Get ready though, depending on the lens size, they are not cheap...
John at the Beach is offline   Reply With Quote
Old Jun 25, 2009, 10:28 AM   #5
Administrator
 
Join Date: Jun 2003
Location: Savannah, GA (USA)
Posts: 22,378
Default

A UV filter shouldn't cause any significant loss of light (i.e., your "loss of 1 or more f stops" comment), unless the filter coatings are *very* bad and/or you're shooting into harsher lighting. Typical light transmission within the visible spectrum should be around 90% with most UV filters.

Now, a typical polarizer will cause significant light loss (usually a couple of stops, depending on how the filter is rotated). But, a UV filter should allow most of the visible spectrum to go through.
JimC is offline   Reply With Quote
Old Jun 25, 2009, 11:14 AM   #6
Senior Member
 
Alan T's Avatar
 
Join Date: Jun 2003
Location: Chester, UK
Posts: 2,980
Default

I used a good quality UV filter to protect the lenses on all my still cameras, in the olden days, and it was there all the time.

Nowadays, with a motorised extending lens on my digital superzooms and compact, it would be a pain in the neck to have one, involving extension tubes, and so on. I just have to be very careful to protect the front element as best I can.
Alan T is offline   Reply With Quote
Old Jun 25, 2009, 11:28 AM   #7
Senior Member
 
TCav's Avatar
 
Join Date: Sep 2005
Location: Washington, DC, Metro Area, Maryland
Posts: 13,543
Default

There are arguments for and against the use of UV and other 'Protection' filters. If you're talking about a typical kit lens, if it gets damaged, you may be thankful for the opportunity to replace it with something better or more suitable.

And sometimes a broken filter will damage a lens anyway.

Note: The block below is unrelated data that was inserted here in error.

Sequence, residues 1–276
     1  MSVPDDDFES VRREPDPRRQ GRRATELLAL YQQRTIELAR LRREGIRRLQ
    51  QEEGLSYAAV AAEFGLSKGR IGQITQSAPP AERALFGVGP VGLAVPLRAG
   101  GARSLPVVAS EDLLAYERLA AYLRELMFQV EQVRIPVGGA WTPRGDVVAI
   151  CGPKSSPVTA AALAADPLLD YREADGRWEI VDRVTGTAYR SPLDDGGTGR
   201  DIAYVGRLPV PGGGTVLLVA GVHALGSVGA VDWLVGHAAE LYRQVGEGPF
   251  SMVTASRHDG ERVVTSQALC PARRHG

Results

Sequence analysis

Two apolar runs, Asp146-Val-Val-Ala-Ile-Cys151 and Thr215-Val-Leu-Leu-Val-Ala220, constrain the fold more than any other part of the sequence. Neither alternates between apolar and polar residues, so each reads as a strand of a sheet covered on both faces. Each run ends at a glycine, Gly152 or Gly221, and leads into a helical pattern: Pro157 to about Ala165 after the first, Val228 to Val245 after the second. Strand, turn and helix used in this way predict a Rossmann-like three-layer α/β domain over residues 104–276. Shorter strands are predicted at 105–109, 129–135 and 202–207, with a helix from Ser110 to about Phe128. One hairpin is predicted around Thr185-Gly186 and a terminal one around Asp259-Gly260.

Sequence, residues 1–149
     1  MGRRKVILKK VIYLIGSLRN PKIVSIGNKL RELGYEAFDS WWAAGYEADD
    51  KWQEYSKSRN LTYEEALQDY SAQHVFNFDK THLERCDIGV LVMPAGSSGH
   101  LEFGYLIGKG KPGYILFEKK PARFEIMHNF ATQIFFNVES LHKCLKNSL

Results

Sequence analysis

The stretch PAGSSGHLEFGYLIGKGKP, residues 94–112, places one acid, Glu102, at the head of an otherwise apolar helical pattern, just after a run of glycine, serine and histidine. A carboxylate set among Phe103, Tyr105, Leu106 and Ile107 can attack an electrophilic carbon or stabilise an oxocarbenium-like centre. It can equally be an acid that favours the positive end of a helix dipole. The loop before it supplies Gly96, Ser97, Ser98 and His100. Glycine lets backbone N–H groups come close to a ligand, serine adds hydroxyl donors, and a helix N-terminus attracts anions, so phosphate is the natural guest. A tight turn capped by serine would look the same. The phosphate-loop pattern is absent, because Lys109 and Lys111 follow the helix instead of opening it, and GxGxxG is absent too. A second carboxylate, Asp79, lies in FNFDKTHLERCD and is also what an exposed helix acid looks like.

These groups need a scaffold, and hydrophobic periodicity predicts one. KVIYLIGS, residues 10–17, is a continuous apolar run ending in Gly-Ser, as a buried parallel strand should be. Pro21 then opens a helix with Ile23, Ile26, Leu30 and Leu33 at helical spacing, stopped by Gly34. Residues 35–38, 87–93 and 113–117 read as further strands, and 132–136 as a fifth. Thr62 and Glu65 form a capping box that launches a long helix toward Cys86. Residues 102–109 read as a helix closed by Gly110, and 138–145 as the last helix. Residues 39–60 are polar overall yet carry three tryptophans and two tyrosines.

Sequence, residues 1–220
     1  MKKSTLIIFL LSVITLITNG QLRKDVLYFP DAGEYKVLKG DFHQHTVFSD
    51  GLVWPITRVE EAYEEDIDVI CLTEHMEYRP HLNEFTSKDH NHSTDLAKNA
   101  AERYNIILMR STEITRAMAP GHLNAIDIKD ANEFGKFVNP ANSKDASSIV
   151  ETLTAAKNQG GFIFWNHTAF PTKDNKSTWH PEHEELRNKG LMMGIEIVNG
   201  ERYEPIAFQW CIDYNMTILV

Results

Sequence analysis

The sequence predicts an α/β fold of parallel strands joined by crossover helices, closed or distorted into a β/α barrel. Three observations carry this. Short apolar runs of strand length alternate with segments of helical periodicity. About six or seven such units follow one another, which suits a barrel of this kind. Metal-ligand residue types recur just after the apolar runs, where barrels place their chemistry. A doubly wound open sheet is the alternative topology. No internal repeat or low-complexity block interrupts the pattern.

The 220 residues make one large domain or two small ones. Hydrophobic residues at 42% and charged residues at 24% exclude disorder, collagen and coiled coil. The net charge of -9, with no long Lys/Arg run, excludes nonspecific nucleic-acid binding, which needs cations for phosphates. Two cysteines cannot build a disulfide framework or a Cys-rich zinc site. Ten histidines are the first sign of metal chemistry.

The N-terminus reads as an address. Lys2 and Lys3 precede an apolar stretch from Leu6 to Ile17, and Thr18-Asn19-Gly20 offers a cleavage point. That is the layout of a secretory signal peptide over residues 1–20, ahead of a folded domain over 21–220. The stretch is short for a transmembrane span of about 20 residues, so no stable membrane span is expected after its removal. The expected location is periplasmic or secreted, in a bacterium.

__________________
  • The lens is the thing.
  • 'Full Frame' is the new 'Medium Format'.
  • "One good test is worth a thousand expert opinions." - Tex Johnston, Boeing 707 test pilot.
TCav is offline   Reply With Quote
Old Jun 26, 2009, 10:55 AM   #8
Senior Member
 
Join Date: Jan 2007
Location: Decatur, GA
Posts: 2,053
Default

I have a high quality UV filter on my camera and keep it there because I photograph in the elements of fire and smoke and blood etc. Never really notice any downgrade or loss of light when doing any type of photos. I also have a good polarizing filter that I use when I am on the water and it helps a lot of flare and glare when shooting to and around water.

dave
Photo 5 is offline   Reply With Quote
Old Jun 26, 2009, 12:28 PM   #9
Junior Member
 
Join Date: Nov 2008
Posts: 20
Default Thanks everyone.

as always. a wealth of information.

Homebrew5454 is offline   Reply With Quote
 
Reply


Thread Tools Search this Thread
Search this Thread:

Advanced Search

Posting Rules
You may not post new threads
You may not post replies
You may not post attachments
You may not edit your posts

BB code is On
Smilies are On
[IMG] code is On
HTML code is Off
Trackbacks are Off
Pingbacks are Off
Refbacks are Off



All times are GMT -5. The time now is 9:47 AM.